Scotland/England Maritime Boundaries 90


According to existing Westminster legislation, English waters stretch at their North Easterly point to 56 degrees 36 minutes north – that is over 100 miles North of the border at Berwick, and North of Dundee.

In 1999 Tony Blair, abetted by the Scottish traitor Donald Dewar, redrew the existing English/Scottish maritime boundary to annex 6,000 square miles of Scottish waters to England, including the Argyll field and six other major oilfields. The idea was specifically to disadvantage Scotland’s case for independence.

The pre-1999 border was already very favourable to England. In 1994, while I was Head of the Maritime Section of the Foreign and Commonwealth Office, I had already queried whether it was too favourable to England. I little anticipated that five years later Blair would push it seventy miles North!!

I should explain that I was the Alternate Head of the UK Delegation to the UN Convention on the Law of the Sea, and was number 2 on the UK team that negotiated the UK/Ireland, UK/Denmark (Shetland/Faeroes), UK/Belgium, and Channel Islands/France maritime boundaries, as well as a number of British Dependent Territories boundaries. There are very few people in the World – single figures – who have more experience of actual maritime boundary negotiation than me.

The UK’s other maritime boundaries are based on what is known formally in international law as the modified equidistance principle. The England/Scotland border was of course imposed, not negotiated. It is my cold, professional opinion that this border lies outside the range of feasible solutions that could be obtained by genuine negotiation, arbitration or judgement.

It ignores a number of acknowledged precepts in boundary resolutions, most important of which is how to deal with an inverted right angle coastline, as the Scottish coastline is from Elgin to Berwick, with the angle point around Edinburgh. It also fails adequately to close the Forth and Tay estuaries with baselines – by stark contrast to the massive baselines the UK used across the Thames and Stour.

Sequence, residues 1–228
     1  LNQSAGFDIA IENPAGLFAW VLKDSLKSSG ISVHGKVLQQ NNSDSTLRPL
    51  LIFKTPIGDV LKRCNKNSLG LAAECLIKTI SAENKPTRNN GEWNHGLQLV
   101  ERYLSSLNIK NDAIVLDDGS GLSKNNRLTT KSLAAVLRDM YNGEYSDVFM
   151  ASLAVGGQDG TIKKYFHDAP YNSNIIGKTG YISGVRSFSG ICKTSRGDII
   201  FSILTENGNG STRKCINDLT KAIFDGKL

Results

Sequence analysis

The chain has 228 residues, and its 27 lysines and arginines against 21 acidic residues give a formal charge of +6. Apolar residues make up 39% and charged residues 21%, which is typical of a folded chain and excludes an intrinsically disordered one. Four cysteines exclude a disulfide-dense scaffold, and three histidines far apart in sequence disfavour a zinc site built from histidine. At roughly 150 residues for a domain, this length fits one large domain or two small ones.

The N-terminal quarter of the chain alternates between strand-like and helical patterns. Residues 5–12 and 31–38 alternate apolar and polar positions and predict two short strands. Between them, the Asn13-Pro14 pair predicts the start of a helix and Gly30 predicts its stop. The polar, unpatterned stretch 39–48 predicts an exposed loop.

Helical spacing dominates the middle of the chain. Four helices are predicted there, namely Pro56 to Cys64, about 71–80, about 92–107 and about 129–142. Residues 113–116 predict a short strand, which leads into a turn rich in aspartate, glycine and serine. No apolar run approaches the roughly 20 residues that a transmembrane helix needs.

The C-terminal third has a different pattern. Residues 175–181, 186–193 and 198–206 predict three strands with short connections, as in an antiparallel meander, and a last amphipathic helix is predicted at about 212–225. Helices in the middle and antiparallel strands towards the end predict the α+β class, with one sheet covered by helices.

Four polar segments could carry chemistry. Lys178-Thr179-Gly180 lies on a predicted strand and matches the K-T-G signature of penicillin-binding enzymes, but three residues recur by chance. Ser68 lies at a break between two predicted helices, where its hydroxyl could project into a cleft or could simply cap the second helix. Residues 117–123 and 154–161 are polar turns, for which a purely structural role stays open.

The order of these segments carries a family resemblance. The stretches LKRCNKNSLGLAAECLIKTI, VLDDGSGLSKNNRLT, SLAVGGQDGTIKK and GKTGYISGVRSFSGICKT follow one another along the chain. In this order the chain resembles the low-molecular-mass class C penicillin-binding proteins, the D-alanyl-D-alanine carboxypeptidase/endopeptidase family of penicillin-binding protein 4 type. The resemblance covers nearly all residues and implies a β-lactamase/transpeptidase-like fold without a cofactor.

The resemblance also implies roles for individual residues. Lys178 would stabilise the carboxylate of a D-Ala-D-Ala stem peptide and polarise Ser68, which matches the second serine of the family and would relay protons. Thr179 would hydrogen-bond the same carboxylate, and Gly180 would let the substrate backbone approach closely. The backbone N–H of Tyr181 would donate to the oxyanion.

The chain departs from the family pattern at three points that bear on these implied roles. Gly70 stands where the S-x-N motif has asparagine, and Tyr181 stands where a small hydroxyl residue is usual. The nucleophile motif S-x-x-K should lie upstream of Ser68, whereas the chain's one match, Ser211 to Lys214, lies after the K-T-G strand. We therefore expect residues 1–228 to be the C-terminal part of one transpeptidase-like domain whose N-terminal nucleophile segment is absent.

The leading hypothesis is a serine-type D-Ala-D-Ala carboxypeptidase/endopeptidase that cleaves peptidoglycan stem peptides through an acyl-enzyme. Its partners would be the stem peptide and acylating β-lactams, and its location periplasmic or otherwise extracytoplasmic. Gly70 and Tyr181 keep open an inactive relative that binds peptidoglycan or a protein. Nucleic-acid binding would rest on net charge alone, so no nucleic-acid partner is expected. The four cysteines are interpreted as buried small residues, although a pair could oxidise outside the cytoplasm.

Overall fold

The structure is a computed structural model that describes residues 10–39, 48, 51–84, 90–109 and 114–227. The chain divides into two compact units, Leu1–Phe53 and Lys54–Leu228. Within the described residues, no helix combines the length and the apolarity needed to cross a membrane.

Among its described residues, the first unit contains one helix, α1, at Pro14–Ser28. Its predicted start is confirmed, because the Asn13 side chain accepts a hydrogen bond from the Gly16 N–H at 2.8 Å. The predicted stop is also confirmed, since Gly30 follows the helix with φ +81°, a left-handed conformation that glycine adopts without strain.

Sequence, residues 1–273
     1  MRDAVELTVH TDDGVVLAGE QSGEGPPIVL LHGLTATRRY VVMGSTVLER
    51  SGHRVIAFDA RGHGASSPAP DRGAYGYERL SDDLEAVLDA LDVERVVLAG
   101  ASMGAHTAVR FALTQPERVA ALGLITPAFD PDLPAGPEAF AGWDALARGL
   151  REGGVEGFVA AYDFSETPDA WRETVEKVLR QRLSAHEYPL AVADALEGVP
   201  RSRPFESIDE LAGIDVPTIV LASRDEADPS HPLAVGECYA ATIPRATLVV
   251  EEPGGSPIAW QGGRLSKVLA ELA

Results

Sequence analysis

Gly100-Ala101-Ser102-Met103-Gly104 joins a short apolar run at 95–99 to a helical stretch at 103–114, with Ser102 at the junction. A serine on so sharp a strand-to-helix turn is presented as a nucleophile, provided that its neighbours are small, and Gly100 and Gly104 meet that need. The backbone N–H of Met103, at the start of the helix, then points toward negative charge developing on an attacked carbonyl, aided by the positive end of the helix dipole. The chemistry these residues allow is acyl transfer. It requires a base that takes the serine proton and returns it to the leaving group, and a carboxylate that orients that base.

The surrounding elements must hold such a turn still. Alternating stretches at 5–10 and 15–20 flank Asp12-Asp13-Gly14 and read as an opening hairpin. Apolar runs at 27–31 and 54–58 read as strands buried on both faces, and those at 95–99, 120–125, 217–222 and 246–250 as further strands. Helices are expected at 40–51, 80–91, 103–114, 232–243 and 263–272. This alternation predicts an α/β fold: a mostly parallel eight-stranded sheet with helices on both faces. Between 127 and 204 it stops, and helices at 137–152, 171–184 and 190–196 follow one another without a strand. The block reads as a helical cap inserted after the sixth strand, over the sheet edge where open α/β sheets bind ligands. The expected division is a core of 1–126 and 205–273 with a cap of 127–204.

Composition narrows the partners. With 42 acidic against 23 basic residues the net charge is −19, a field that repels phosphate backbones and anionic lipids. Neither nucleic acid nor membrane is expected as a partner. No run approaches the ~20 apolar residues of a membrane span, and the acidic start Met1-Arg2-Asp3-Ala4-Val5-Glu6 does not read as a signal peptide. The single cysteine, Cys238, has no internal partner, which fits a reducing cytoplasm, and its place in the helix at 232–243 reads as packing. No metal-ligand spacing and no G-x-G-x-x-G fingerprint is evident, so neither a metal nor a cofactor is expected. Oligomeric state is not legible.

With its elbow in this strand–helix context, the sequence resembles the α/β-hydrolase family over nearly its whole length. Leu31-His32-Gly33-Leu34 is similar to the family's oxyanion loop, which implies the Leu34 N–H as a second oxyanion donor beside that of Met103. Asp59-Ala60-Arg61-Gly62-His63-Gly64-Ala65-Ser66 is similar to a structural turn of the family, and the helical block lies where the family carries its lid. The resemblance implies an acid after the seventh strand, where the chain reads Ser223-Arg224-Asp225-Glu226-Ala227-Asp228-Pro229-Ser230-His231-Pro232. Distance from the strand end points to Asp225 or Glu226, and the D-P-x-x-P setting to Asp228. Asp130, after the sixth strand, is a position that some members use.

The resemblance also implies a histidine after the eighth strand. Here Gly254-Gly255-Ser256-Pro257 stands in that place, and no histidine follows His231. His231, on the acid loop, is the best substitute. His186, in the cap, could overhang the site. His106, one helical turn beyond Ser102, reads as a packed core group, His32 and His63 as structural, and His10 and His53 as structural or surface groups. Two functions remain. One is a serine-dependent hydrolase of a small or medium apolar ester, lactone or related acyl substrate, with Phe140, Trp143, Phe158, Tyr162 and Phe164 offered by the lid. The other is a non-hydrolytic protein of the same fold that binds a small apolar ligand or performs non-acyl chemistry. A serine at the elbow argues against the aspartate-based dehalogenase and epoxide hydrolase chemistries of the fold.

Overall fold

It is essential that Scotland is not conned into accepting the existing England Scotland maritime boundary as a precondition of any independence referendum. This boundary must be subject to negotiation between equal nations post independence, and in my opinion is most likely to end with referral to the International Court of Justice. I have no doubt the outcome would be a very great deal better for Scotland than the Blair-Dewar line, which would cost Scotland billions.


90 thoughts on “Scotland/England Maritime Boundaries

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  • Iain Orr

    Craig

    Boundary negotations (and arbitration, if necessary) are covered in the Scottish Government’s August 2007 document, “Choosing Scotland’s Future: A National Conversation: Independence and Responsibility in the Modern World”:

    ” …[3.15]…Any issues concerning the borders of an independent Scotland, particularly the continental shelf, would also have to be negotiated, but in a manner that respects the governing principles of international law in such matters.
    .
    3.16 These issues are likely to be dealt with in an overall agreement between the United Kingdom Government and the Scottish Government, enshrined in legislation enacted at both Westminster and Holyrood, to allow both Parliaments the opportunity to consider and agree matters affecting both Scotland and the rest of the United Kingdom.
    .
    3.17 At the beginning of such a process of negotiation, arrangements should be agreed for arbitration under the principles of international law of any issues which the parties find themselves unable to resolve by mutual agreement.”
    .
    I have sent you an email about possible interest in this domestic international issue by the International Boundaries Research Unit (IBRU) at Durham University.

    .

    For the Beyond Petroleum future of all parts of the present UK there’s a useful Atlas of UK Marine Renewable Energy Sources at http://www.renewables-atlas.info .

  • Mark Golding - Children of Iraq

    I’m sorry, delimitation of sea boundaries turns my mind immediately towards Palestine and human rights.
    .
    OT agreed (I’m upset) – the marine ‘buffer zone’ restricts Gazan fishermen from accessing 85% of Gaza’s fishing waters agreed to by Oslo.
    .